Obesity and Health Concerns Grow
The American Medical Association's new Healthier Life Steps campaign intends to help people live a healthy lifestyle at little or no cost. AMA offers resources and tools on its Web site to help Americans reduce risky health behaviors and show them how to work with their doctors to meet health goals. "Eating healthy, exercising, and eliminating unhealthy behaviors like smoking and excessive or risky drinking can seem like daunting tasks if you try to tackle everything at once," said AMA President-Elect Dr. J. James Rohack. "Incorporating small changes into everyday life, like cutting 100 calories per day and getting 30 minutes of moderate exercise, can make the process of getting healthier more manageable."
The campaign, announced Monday, is among several new health developments focused largely on diets and obesity. Circulation, the journal of the American Heart Association, today published a study of dietary patterns in 52 countries that attributed about 30 percent of the heart attack risk worldwide to the Western diet that is marked by higher intake of fried foods, salty snacks, eggs and meat. The researchers identified two other dietary patterns in the world, Oriental (higher intake of tofu, soy, and other sauces) and Prudent (higher intake of fruits and vegetables) and concluded the Prudent diet is associated with a lower heart attack risk than the Oriental.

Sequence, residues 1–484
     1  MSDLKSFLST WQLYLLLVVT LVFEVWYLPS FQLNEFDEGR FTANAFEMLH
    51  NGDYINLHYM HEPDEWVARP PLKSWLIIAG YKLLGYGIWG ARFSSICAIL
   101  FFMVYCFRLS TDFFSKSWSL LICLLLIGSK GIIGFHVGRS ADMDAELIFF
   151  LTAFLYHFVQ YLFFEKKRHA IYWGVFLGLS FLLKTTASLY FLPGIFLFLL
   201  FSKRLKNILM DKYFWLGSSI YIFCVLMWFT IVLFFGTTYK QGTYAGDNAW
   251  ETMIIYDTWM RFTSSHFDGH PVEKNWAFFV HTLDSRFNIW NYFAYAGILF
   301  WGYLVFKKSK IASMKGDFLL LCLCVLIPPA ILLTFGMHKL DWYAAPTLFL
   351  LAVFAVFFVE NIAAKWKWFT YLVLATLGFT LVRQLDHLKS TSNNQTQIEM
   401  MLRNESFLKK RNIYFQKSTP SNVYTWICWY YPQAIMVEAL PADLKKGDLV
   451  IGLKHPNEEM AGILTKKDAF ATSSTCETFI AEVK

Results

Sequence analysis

And the October 2008 issue of the American Psychological Association's monthly magazine, Monitor on Psychology, examines psychologists' and other professionals' role in combating an obesity epidemic that is spreading across the globe. Jamie Chamberlin of the Monitor staff writes that Yale University's Kelly Brownell, Ph.D., gave a plenary talk at APA's annual convention that said psychologists and other researchers have focused too much on obesity treatment rather than prevention. They should step up research on food and addiction and on harmful marketing to give policymakers the science they need to curb the food industry's most dangerous practices: fatty foods and sugary, caffeine-laden beverages aggressively marketed, especially to children, Brownell said.
The AMA Healthier Life Steps program includes action plans and tip sheets on how to improve diet, increase physical activity, and eliminate unhealthy behaviors like risky drinking and smoking. A body mass index calculator and progress calendars are on the Web site and can help patients chart their progress and stay motivated.